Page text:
WASHINGTON (DC News Now) — Lung cancer is the leading cause of cancer death in the U-S, according to the American Lung Association. Often, people with lung cancer don’t know they have the disease because symptoms don’t appear until advanced stages. 

Dr. Kellen Mulhern, a pulmonologist at Frederick Health in Frederick, Md., said lung cancer is hard to treat for multiple reasons.

“First off, there are different types of lung cancers. Some of them we have really good treatments for. I would say probably the trickiest part of treating lung cancer is the fact that usually if it’s in the early stage, where it’s the most curable, patients don’t necessarily have symptoms of the lung cancer at that time. Once the symptoms start, that can sometimes be a sign that the lung cancer is either starting to grow or even start to spread into other parts of the body,” he said.

Dr. Mulher also said symptoms of lung cancer include a cough that doesn’t necessarily seem to go away.

“Sometimes the cough, despite other treatments for the cough, tends to worsen and worsen over time. Sometimes there’s blood inside of the sputum of the cough. Those are all great reasons to see a doctor or a pulmonologist. Sometimes the symptoms can be vague. Maybe you completely lose your appetite. Maybe you start to lose weight and you can’t really explain why you’re losing that weight. So those are probably the most common ones that I see,” he said.

As of 2021, the United States Preventative Service Task Force, which is a body of physicians that looks at data, put out new guidelines to try to catch more people in the earlier stages of lung cancer.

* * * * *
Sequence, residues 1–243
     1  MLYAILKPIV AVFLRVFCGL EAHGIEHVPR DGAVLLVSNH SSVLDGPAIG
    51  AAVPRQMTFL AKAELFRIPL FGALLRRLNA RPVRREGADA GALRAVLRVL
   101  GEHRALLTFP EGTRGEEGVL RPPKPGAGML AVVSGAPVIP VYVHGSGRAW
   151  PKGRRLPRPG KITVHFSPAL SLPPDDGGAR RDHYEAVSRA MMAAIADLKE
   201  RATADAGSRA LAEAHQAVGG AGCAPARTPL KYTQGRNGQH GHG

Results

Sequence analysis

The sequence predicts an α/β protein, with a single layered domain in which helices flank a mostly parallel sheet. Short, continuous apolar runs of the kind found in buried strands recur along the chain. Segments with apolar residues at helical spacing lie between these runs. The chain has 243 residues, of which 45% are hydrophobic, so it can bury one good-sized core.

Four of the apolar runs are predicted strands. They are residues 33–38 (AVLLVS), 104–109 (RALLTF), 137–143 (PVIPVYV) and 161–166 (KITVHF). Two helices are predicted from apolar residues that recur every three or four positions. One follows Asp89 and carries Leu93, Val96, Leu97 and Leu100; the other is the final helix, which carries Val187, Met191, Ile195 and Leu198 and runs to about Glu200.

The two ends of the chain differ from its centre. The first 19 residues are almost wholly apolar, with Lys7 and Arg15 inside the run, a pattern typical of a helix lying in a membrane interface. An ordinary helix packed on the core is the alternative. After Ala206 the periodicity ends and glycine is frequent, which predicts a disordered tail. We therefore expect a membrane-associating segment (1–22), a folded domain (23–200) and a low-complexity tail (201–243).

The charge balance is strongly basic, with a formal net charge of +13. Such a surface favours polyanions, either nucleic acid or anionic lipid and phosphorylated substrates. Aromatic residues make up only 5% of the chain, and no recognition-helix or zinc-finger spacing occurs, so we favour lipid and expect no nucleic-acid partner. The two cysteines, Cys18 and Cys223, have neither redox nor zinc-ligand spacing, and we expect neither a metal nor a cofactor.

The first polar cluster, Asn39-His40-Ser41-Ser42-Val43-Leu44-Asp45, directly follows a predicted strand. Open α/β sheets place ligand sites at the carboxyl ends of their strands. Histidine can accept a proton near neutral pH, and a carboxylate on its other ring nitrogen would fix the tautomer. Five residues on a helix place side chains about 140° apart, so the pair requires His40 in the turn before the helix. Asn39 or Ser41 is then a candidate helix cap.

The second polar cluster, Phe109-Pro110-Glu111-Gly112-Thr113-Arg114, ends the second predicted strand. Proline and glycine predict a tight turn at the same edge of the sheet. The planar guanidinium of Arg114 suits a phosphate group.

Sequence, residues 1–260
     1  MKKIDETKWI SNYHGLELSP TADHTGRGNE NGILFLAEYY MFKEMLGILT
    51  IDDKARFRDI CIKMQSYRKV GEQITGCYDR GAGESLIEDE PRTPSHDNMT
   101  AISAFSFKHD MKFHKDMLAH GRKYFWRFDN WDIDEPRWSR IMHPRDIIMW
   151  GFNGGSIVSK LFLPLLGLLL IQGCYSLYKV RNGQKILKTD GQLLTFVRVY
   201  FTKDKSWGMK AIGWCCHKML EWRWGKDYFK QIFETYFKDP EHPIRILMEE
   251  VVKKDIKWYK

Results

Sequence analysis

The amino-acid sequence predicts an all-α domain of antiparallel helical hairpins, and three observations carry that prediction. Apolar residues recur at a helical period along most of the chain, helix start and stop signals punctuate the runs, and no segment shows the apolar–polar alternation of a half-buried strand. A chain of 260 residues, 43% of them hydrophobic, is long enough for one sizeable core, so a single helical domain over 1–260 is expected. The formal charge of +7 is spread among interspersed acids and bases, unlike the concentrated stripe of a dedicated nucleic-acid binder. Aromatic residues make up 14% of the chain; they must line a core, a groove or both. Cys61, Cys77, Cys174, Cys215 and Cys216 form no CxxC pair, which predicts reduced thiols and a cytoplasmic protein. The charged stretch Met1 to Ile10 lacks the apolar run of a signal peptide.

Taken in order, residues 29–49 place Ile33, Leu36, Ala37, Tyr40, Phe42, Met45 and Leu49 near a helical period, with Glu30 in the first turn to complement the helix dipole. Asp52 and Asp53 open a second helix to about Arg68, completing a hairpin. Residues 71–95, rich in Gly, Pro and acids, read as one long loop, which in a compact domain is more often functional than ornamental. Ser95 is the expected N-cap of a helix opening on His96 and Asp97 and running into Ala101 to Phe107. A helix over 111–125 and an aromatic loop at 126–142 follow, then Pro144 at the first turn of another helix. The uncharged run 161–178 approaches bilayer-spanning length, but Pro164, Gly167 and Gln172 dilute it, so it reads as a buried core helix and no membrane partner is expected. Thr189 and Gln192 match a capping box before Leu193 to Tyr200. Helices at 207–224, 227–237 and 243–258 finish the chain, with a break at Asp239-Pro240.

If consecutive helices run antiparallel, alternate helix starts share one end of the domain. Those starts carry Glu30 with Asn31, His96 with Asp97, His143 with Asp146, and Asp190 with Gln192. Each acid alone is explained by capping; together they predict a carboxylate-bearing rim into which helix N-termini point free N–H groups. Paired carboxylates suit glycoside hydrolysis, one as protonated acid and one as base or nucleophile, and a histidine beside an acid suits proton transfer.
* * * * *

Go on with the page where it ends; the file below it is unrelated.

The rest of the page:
“In the past, the recommendations were to start screening people at 55. We’ve since lowered that down to the age of 50. Another thing that we decided to do was change how many people we should consider for screening based off of how much they smoke. So in the past, we did a 30-pack year history that’s now down to a 20-pack year history. And package history is actually very easy to figure out. All you have to do is take the number of packs that you smoke in a day and multiply that by the amount of years that you smoke. So if you’re smoking two packs a day for ten years, that would equal a 20-year history,” Dr. Mulher said.

The George Washington University Hospital is hosting a Lung Cancer Screening Day on Saturday, November 11th, 2023, from 8:00 a.m. – 12:00 p.m., at GW Hospital (900 23rd St. NW) in the Radiology Department on the first floor. The event increases the accessibility of lung cancer screening to those who are unable to get screened on weekdays due to their busy schedules. The goal of these screenings is to detect lung cancer as early as possible in order to increase the number of survivors. If eligible, individuals can access these screenings at the George Washington Hospital on November 11th.

If you have a smoking history, talk to your healthcare provider to see if you are eligible for lung cancer screening. If you qualify, the screening will be covered. For more information, call 1-855-GWLUNGWS.